Coverage of this session by Kristen Platt of Connect with her by following her on Twitter.

3:35 —’s Kurt Vanderah introduces People Pattern’s Jason Baldridge.

3:36 — Jason: A bunch of what I’m going to talk about is research done by other people around the world.

3:37 — Jason: Let’s start off with some text analysis: quoting patterns in political coverage. Measuring bias is subject and hard. Personal estimates of bias are influenced by the availability heuristic.

3:39 — Jason: The research on quoting patterns used automated tracking of quotations from Obama’s speeches. When you can take that data, dimensionality reduction reveals two main bias dimensions: (one) independent-mainstream and (two) foreign-liberal-conservative.

3:41 — Jason: Now let’s think about social networks and virality. Information cascades can propagate via broadcast and viral diffusion. Most cascades contain both broadcast and viral spreading.

3:43 — Jason: Virality happens almost never. Jason shows Twitter cascades characterized by structural virality, increasing down and to the right (which is the most rare). It turns out 99% of content adoptions terminate in a single generation. The largest image and video cascades are low on structural virality.

3:44 — Jason says that broadcast is by far the dominant mode to reach large audiences. This means pay-to-play when you need to go big reliably.

3:45 — Jason shares the Contagion Model: Information infects nodes, which become active. Information spreads from active nodes along the network edges. Given information cascades, infer network using contagion model. It’s not a perfect network or necessarily social network, but it gives you data to work with.

3:47 — Jason: Blogs and mainstream media swap influence during the course of an event. Increased blog influence proportion correlates with social unrest.

3:49 — “However, is virality/contagion a bad metaphor?” He shares some examples: Taylor Swift has 65 million Twitter followers who can receive her messages. One individual cannot sneeze on and infect that many people simultaneously. Another example: The likelihood of disease infection increases independently with exposure to different infected individuals, but “infection” by an idea increases greatly when exposed to it by multiple, independent parties.

3:50 — Jason talks about “Majority illusion:” Social networks tend to look asymmetrical. The connectedness of “infected” people greatly impacts the perception of others. A minority opinion can appear extremely popular for each individual.

3:51 — Jason talks about personality classification: Language production proves a window on personality at scale. Then, you can target ads based on their personality! Twitter users whose language indicates higher openness and lower neuroticism are more likely to respond positively to an ad.

3:53 — Jason looks at race and sharing: Frequency of sharing for topics on social media varies by race.

3:54 — Tailored audiences: Human analysis and machine learning can be used to characterize and identify personas using social media profiles. Then, you can created promoted tweet copy informed by persona-based keywords.

3:55 — Jason: Persona-based campaigns with audience-driven ad copy produced higher engagement at lower cost per conversion. I’ll end with micro-segmentation: We have limited attention and many options. The best, most relevant content is often created by those with very similar passions, interests, and demographics.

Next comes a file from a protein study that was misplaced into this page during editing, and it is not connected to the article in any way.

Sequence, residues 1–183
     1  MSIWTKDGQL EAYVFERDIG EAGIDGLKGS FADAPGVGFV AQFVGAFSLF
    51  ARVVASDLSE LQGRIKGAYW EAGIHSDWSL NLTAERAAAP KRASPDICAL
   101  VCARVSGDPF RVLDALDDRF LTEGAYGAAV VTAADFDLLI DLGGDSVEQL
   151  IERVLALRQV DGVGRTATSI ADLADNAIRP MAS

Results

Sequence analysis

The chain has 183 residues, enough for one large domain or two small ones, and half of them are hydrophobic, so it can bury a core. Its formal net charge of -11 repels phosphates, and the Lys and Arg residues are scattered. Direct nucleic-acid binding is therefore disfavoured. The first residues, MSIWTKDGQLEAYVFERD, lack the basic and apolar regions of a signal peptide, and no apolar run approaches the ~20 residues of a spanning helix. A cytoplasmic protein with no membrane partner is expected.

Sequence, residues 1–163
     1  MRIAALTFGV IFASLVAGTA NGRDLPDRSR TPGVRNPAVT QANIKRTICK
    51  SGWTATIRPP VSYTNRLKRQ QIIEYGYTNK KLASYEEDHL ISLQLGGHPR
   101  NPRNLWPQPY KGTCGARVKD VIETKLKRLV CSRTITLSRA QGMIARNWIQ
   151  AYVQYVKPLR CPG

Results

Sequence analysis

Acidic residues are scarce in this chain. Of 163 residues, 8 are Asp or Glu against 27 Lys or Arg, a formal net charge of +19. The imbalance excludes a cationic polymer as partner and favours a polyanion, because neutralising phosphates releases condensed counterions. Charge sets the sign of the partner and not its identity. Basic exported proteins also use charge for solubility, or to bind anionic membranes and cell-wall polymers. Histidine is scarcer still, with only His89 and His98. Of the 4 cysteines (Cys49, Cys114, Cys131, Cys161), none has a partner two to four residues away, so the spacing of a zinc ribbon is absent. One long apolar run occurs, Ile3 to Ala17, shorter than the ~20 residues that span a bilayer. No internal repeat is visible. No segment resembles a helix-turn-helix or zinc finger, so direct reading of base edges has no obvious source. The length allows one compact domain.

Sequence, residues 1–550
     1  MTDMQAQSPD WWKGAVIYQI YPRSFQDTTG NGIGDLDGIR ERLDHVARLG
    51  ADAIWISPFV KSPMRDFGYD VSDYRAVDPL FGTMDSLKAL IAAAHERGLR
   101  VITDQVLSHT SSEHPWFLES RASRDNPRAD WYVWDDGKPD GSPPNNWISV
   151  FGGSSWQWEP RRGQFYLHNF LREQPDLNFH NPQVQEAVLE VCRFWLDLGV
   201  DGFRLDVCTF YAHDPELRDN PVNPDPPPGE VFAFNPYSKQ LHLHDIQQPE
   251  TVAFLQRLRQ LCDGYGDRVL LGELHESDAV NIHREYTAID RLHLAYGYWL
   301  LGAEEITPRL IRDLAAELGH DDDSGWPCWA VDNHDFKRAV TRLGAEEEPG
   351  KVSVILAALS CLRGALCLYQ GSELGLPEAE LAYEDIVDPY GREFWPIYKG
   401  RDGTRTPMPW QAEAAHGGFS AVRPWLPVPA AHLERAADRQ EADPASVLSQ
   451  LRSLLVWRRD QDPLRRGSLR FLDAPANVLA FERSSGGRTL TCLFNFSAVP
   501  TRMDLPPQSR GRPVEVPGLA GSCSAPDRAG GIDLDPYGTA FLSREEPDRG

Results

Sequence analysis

strong>3:56 — Jason concludes:

  1. Large scale analysis of networks and documents reveals hidden patterns.
  2. Pay-to-play to reliably get your word out.
  3. Audience understanding is essential: demographics, personality and microsegment relevance.


Q: Would ads be less effective if everyone is targeting open-minded consumers?

A: Jason: If everyone is bidding for them, the cost will go up to target them. So then maybe you have an opportunity to engage another audience at a lower cost.

Q: What are some other ways to collect data beyond Twitter?

A: Jason: If you can get the data at all, all of these techniques work. Facebook is hard because you don’t have access to that data and you’re not positive who is connected to who. But, there are some other things you can do: assigning users IDs that you can track and collect data on. At People Pattern, we’re creating profiles for real people and linking those to their social profiles so that we can create a database based on the individuals.

Q: Is it difficult to match users across networks? And do they behave differently across different networks?

A: Jason: We use gimmies like username matching, and actual name matching in addition to location. People who are in the same location tend to be connected to each other. Once you have that data, you have a better idea of how inferring who else they are connected to. In terms of different personas acting on different networks, I know from my own experience that people do act different on each platform: Twitter professionally, Facebook personally, etc.

Q: Are there any characteristics of virality?

A: Jason: One study looked at the memorability of quotes. It seems there are certain quotes that people tend to remember more. Interestingly unique words used in syntactic patterns tend to be remembered most. So that may have something to do with something going viral. Otherwise, it could just be dumb luck!

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